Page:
It later became known that immediately after Hirshhorn returned it, the instrument was loaned to a third party, though they never told this person from whom it was taken and how it came to him.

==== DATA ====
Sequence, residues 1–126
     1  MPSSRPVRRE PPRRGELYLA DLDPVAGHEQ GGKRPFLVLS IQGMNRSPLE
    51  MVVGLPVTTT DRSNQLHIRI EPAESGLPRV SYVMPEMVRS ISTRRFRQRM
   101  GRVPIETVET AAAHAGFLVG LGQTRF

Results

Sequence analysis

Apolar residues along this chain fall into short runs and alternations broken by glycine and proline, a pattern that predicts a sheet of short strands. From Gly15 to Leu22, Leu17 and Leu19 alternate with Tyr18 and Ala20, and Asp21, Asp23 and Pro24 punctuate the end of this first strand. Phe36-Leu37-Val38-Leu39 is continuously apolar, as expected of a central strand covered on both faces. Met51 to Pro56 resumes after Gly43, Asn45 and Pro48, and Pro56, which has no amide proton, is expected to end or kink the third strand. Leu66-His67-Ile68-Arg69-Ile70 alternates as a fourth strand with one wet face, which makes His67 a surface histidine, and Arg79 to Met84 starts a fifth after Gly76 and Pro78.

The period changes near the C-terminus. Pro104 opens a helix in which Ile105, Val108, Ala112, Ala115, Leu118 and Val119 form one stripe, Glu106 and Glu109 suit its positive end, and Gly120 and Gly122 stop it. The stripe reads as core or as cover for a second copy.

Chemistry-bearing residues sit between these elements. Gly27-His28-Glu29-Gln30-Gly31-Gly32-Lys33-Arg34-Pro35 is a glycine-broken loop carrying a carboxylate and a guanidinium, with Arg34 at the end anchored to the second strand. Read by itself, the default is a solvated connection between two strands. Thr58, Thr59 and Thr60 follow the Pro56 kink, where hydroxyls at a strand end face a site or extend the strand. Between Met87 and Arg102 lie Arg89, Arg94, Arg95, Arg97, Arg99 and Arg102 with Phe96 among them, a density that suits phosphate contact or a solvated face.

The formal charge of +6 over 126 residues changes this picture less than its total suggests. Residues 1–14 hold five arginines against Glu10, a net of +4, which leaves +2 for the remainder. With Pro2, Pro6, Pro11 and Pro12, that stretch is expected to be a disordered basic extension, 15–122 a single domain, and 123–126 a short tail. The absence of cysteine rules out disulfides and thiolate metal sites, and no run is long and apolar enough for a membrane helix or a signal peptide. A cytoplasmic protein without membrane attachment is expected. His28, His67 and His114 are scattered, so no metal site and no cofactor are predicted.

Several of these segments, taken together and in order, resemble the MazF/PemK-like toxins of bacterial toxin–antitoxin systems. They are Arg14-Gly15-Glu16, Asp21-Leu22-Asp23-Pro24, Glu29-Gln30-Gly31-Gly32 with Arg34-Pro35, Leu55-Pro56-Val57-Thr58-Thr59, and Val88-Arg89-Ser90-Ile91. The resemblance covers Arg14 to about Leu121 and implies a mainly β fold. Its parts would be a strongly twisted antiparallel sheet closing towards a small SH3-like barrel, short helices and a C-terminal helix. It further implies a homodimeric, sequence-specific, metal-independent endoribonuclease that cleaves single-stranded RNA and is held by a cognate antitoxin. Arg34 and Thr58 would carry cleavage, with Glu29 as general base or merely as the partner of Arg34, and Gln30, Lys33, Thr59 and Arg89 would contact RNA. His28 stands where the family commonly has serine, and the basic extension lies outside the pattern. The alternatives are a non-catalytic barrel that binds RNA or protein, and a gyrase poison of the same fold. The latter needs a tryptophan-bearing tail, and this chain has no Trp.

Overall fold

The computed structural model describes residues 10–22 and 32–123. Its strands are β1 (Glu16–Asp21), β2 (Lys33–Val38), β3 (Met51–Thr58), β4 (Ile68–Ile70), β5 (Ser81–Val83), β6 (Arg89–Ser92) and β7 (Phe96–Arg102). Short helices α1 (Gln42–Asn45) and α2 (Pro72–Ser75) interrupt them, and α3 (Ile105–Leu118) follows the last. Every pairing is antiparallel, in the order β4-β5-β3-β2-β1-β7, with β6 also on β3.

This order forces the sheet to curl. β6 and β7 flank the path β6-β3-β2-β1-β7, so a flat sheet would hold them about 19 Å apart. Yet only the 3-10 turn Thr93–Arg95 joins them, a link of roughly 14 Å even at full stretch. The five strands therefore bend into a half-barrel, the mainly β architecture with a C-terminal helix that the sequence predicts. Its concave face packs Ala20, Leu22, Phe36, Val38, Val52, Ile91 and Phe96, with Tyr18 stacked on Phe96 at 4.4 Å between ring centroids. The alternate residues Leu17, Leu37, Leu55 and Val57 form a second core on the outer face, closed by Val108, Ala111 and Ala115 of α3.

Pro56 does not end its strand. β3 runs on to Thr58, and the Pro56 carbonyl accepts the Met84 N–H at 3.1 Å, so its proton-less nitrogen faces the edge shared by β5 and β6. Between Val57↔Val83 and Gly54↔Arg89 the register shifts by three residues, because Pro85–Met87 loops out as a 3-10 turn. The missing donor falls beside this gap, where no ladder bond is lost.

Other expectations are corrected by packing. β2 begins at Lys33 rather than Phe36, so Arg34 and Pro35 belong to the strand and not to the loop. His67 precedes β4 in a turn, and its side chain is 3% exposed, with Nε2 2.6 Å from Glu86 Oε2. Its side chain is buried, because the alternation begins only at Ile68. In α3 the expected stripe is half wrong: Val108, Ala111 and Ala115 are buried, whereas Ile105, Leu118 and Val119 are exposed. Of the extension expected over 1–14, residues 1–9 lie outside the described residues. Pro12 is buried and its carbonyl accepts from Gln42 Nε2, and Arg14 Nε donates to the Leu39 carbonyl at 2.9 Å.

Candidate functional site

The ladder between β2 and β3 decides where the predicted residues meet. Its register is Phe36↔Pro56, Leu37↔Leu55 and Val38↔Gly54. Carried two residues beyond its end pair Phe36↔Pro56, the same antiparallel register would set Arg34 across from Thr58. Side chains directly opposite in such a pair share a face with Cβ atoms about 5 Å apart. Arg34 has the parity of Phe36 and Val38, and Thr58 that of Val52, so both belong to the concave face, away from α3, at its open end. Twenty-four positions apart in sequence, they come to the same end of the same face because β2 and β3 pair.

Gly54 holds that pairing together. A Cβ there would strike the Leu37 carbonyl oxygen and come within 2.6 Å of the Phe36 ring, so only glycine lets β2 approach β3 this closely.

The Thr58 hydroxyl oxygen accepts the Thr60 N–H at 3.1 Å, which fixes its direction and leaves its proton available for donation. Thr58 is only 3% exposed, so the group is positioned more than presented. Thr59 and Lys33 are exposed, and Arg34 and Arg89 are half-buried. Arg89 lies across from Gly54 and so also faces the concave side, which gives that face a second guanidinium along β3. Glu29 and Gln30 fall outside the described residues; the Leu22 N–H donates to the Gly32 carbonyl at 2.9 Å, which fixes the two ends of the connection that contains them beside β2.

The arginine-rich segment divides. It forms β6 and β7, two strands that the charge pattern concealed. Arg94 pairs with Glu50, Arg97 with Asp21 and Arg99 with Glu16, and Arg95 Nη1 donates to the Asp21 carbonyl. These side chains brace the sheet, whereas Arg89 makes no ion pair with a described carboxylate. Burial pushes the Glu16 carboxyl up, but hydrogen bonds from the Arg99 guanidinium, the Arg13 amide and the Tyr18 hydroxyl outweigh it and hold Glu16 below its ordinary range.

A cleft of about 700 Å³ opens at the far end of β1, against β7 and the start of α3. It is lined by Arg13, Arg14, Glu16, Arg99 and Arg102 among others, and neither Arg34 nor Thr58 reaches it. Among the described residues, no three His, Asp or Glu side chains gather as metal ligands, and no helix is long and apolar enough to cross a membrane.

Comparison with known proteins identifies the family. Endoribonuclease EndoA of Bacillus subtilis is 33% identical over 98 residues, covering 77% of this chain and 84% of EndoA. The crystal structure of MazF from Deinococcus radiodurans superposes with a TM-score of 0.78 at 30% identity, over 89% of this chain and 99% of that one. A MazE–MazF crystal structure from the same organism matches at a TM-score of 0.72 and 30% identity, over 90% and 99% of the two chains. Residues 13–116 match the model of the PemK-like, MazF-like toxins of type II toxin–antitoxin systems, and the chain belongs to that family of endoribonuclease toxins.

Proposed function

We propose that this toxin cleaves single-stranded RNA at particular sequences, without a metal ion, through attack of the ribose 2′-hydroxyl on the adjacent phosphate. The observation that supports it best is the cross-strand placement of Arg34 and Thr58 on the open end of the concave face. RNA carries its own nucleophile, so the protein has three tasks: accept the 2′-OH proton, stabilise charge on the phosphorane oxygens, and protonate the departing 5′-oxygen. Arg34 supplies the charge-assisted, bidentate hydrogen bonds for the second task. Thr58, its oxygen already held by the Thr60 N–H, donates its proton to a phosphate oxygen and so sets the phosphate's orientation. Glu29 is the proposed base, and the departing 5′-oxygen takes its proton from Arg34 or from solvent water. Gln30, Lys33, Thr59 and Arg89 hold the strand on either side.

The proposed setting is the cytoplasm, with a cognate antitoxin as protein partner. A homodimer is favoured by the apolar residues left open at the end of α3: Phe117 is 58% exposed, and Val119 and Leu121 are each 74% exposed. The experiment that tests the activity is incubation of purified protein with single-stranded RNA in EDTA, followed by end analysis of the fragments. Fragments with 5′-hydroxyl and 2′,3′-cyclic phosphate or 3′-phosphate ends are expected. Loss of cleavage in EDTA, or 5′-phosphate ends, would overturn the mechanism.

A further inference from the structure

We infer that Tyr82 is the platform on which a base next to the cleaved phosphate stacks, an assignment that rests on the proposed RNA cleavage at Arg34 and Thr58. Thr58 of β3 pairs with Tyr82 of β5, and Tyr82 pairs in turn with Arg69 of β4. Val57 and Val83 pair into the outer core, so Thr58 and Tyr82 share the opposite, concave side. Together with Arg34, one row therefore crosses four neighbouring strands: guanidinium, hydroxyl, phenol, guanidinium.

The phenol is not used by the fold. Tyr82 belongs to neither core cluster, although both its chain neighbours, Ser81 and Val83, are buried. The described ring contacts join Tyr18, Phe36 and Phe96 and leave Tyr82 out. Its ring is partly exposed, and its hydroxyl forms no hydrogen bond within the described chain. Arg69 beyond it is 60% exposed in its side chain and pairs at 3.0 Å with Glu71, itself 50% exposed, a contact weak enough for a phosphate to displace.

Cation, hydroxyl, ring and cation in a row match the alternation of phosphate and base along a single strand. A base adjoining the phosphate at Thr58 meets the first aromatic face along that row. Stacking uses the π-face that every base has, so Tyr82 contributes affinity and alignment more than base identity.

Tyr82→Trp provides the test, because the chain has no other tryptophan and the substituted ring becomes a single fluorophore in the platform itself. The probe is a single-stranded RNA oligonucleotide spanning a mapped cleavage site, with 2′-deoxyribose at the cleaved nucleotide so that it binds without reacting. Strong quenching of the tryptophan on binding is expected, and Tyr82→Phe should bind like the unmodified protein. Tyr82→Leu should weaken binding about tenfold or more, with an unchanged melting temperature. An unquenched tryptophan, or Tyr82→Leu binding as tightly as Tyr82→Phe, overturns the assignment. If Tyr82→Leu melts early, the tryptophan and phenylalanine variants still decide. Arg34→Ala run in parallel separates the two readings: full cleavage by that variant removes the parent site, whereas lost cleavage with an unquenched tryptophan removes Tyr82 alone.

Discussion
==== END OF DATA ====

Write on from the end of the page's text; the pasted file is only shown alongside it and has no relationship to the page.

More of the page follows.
One other instrument was given on loan to Hirshhorn when, in response to a newspaper announcement, he began to teach in Brussels (see the reminiscences of Kristina Kiprianides). This was a Bergonzi violin, which he did not like at all and always hoped to improve something in it by trying various bridges, moving the soundpost, changing the strings. But he somehow coped with it until it too was taken away from him.  Here we enter the realm of the tragic: it was taken away when he fell ill. They demanded that he bring it in for the annual inspection and then did not return it to him. Not long before this, in 1994, via some friends, Hirshhorn bought from Mikhail Vaiman’s widow the very same Balestrieri on which he played at the Queen Elisabeth Competition and which lay in a cabinet while its violinist lived his life. The sad thing is that he had very little time left to live at this point.